In light of that momentum, and interest from service providers in building service assurance into their new networks as they are built, vendors are burnishing new offerings aimed at supporting the speedy, efficient deployment of 5G and making sure those capital-intensive new networks actually provide the service quality that customers are expecting. Multiple vendors are emphasizing the integration of machine learning into their service assurance offerings, while field testing solutions focus on simplicity and automation.
In the vein, Viavi Solutions today announced OneAdvisor ONA-800 to support what it’s calling the “aggressive” roll-outs happening this year.
“As 5G becomes more ubiquitous in 2020 onward, network operators are aggressively scaling
and commercializing this technology using large workforces of technicians or contractors to
install and activate tens of thousands of cell sites,” Viavi said in a statement. ONA-800 includes support for fiber testing, radio frequency testing and Ethernet/Common Public Radio Interface (CPRI) testing form a single instrument, with the ability to guide technicians through a pre-configured common test process so that “everyone completes the job in the same way and to the same specifications” and that automated job certification reports are sent to close out jobs.
“5G represents a quantum leap in network complexity, from the frequency bands used, to
diversity of the x-haul technologies, to the possibility of multiple radio vendors,” said Kevin
Oliver, VP and GM for converged instruments and virtual test at Viavi Solutions. He went on to say that the company “designed OneAdvisor so a technician of any skill level can efficiently execute tests to certify and close out cell site deployment, expediting time to revenue for contractors and service providers, and optimizing subscriber satisfaction.”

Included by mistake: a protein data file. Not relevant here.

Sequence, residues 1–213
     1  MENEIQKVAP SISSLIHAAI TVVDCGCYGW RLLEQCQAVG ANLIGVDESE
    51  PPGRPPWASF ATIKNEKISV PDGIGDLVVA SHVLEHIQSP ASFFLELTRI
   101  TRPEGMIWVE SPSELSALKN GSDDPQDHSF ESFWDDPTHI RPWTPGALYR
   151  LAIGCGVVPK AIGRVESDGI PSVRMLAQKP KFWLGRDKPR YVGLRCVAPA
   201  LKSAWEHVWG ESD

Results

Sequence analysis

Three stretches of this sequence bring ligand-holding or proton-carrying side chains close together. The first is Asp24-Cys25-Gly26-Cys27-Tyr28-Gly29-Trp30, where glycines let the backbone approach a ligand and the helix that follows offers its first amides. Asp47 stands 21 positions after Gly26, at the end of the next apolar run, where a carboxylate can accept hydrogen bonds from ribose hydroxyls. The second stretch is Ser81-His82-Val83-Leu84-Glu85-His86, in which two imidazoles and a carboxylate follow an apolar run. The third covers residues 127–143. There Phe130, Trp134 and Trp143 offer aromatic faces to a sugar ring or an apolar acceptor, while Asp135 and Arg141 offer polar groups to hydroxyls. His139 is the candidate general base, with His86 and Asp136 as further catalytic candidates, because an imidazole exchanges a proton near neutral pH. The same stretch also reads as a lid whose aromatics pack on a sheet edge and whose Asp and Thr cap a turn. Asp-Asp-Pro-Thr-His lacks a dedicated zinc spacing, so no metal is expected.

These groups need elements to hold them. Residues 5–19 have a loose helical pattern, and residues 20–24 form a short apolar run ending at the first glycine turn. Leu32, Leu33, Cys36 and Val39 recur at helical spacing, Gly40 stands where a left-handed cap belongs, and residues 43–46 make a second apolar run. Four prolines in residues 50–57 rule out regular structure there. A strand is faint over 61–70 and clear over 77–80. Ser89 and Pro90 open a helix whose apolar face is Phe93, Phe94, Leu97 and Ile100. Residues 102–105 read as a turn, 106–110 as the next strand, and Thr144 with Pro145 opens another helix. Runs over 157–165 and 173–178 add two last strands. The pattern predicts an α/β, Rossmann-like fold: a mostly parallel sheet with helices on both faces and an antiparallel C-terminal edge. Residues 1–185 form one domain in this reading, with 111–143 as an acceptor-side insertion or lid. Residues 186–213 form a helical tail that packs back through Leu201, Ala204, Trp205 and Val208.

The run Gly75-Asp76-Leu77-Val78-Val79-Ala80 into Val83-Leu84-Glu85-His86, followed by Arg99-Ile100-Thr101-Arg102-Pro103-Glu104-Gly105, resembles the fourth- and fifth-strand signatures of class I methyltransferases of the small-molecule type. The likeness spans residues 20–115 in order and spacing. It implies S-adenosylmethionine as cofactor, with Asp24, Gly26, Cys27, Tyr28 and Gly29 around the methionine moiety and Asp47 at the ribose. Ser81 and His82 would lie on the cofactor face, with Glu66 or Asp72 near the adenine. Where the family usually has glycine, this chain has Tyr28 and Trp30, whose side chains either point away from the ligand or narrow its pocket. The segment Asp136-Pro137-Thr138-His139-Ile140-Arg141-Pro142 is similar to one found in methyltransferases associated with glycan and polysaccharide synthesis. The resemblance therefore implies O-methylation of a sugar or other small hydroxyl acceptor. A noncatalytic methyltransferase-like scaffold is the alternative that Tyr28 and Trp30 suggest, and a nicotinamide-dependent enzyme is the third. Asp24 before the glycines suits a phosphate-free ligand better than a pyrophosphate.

Viavi is showcasing the new test tool at a “Viavi Xperience Day in Mexico City on Thursday, as well as at the upcoming National Association of Tower Erectors conference.
Meanwhile, network planning, assurance and analytics company Teoco today released the latest version of its service assurance platform, Helix 11. Teoco, says it works with more than 300 service providers globally, said that Helix 11 represents a major product expansion to enable 5G service assurance: it offers containerized remote collection agents, and full network function virtualization support, as well as “real-time monitoring of network slices sand support for autonomous closed-loop self-healing of underperforming services and parts of the network while using machine learning analytics to identify these automatically through real-time analysis of the relevant network data.”
Teoco said that in the new release, Helix’s ML-powered Root Cause Analysis (RCA) models can be tuned by adding user feedback, and that its Sentinel data visualization tool has been tweaked with streamlined performance monitoring and improved ML-based predictions of network behavior changes.
“Service assurance no longer means simply ensuring connectivity to the network user. Availability alone is no longer enough, and 5G means that specific network slices and service levels have to be met,” said Shachar Ebel, CTO of Teoco. “The evolution of Helix reflects this new reality where service assurance needs to do so much more—integrating directly with the network, utilizing machine learning to understand its performance and availability, predicting faults and degradations and automating their resolution, all designed for infrastructure that can cope with the data sets and enormous amounts of data and complexity that 5G networks create.”
The launches from Viavi and Teoco join that of EXFO, which last week announced what EXFO CEO Phillippe Morin called “a new breed of service assurance” aimed at addressing challenges in 5G and current 4G networks.
EXFO says its Nova Adaptive Service Assurance, or Nova A|SA, is the first intelligent automation platform enabling mobile network operators to deliver high-quality service experiences in a 5G world by integrating information from relevant network layers, domains, and data sources—both from EXFO’s own solution portfolio and from third parties.
Morin added that while Nova can handle 5G, “it’s really not just targeted for 5G, because we think there are already challenges in terms of better visibility in today’s networks.”
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